Bible Verse Explanations and Resources


1 Timothy 5:21

Adam Clarke
Bible Commentary

I charge thee before God - The apostle would have Timothy to consider that all he did should be done as in the sight of God, the Father of the spirits of all flesh; in the sight of Christ, the Savior of sinners, who purchased the Church with his own blood; and in the sight of the most holy, approved, and eminent angels, whose office it was to minister to the heirs of salvation. The word εκλεκτοι, elect, applied to the angels here, is supposed to distinguish those who stood, when others fell from their first estate. The former were elect, or approved; the latter reprobate, or disapproved. This is not an unfrequent sense of the word εκλεκτος, elect. Perhaps there is nothing else meant than the angels that are chosen out from among others, by the Lord himself, to be ministering servants to the Church.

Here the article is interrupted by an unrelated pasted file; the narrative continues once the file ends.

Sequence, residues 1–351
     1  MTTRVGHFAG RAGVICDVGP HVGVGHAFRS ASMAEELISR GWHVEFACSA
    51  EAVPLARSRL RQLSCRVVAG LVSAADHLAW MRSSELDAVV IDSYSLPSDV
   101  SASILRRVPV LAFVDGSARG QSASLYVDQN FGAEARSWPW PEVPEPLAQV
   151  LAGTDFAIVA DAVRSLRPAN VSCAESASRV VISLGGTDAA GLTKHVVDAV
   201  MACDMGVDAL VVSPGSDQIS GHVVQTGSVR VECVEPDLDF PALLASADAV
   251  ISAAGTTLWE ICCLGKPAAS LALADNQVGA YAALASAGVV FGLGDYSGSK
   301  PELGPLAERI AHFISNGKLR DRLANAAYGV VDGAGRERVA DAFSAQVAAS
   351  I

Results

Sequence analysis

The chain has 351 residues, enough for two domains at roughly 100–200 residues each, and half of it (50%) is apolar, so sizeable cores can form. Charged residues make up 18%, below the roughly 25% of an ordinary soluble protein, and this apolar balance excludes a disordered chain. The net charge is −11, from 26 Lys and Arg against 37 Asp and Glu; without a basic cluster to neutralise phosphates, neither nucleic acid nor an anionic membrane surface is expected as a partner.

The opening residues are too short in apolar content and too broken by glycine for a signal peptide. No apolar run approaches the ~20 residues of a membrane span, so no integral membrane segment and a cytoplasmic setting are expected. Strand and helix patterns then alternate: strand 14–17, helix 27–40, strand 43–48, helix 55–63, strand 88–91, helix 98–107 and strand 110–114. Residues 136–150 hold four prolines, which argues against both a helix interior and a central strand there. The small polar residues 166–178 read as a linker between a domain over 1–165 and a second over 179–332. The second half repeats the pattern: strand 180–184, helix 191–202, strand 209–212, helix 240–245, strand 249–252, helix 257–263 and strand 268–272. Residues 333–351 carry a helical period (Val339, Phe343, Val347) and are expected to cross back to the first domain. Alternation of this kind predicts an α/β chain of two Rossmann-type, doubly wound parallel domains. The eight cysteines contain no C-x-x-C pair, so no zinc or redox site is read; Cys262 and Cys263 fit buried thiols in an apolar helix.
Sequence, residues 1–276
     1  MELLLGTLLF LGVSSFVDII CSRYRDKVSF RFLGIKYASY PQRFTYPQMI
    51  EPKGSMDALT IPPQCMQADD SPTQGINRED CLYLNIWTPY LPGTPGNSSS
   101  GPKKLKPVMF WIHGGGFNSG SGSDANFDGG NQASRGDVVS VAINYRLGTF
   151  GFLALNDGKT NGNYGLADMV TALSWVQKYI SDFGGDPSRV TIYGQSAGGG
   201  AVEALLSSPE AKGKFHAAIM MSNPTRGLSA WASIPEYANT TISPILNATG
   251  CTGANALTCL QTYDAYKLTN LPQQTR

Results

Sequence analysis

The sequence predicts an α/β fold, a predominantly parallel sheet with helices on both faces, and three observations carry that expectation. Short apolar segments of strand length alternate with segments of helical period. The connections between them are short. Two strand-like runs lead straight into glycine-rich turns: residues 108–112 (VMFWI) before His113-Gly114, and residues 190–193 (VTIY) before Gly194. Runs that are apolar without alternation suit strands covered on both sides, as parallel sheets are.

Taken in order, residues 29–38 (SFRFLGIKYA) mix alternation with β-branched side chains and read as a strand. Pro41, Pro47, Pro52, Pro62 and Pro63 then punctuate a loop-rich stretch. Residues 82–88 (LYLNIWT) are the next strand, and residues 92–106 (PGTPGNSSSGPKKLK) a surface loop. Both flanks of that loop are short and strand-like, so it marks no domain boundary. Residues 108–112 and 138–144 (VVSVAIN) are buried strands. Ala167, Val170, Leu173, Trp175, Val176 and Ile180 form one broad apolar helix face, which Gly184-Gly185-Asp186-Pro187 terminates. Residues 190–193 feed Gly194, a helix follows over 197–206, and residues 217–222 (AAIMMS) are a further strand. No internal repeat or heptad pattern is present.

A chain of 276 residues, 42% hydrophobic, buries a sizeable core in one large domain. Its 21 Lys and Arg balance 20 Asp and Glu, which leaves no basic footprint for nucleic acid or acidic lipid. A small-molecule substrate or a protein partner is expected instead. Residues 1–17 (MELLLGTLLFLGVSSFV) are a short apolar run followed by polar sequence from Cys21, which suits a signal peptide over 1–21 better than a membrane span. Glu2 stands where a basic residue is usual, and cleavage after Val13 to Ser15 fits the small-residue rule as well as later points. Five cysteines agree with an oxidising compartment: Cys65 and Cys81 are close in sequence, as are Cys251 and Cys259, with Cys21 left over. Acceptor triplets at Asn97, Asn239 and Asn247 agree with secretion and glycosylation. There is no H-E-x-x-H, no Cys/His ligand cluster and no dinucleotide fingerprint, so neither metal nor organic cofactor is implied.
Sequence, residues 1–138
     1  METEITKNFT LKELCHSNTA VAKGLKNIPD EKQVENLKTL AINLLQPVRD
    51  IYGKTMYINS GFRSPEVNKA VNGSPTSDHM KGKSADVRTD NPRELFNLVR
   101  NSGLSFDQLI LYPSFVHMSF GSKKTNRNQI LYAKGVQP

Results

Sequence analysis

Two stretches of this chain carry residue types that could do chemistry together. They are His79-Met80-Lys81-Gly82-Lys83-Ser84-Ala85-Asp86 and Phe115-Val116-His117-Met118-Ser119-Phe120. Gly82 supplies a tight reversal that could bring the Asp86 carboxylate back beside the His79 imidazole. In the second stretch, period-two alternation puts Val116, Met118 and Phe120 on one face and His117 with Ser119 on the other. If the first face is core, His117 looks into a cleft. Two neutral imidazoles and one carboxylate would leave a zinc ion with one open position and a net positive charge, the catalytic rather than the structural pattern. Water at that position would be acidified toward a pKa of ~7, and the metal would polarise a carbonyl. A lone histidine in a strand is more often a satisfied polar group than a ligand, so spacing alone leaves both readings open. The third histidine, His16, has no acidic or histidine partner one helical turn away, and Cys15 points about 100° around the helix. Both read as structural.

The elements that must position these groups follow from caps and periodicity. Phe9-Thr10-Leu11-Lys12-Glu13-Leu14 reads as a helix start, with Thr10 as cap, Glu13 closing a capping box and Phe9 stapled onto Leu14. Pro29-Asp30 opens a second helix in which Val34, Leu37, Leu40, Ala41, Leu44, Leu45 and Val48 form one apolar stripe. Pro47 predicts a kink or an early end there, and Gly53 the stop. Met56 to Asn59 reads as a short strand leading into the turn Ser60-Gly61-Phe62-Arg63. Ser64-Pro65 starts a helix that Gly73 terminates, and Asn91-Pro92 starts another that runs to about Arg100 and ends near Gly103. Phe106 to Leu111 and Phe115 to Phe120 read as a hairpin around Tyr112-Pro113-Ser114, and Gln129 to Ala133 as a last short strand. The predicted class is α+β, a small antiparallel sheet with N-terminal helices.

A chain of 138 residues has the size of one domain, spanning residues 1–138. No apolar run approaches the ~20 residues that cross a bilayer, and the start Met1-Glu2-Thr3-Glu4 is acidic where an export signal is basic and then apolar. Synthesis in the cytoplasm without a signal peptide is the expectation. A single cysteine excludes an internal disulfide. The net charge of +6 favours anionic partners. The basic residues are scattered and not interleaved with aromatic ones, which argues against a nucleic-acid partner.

Without preferring one before another - Χωρις προκριματος· Without prejudice. Promote no man's cause; make not up thy mind on any case, till thou hast weighed both sides, and heard both parties, with their respective witnesses; and then act impartially, as the matter may appear to be proved. Do not treat any man, in religious matters, according to the rank he holds in life, or according to any personal attachment thou mayest have for him. Every man should be dealt with in the Church as he will be dealt with at the judgment-seat of Christ. A minister of the Gospel, who, in the exercise of discipline in the Church, is swayed and warped by secular considerations, will be a curse rather than a blessing to the people of God. Accepting the persons of the rich, in ecclesiastical matters, has been a source of corruption in Christianity. With some ministers the show of piety in a rich man goes farther than the soundest Christian experience in the poor. What account can such persons give of their stewardship?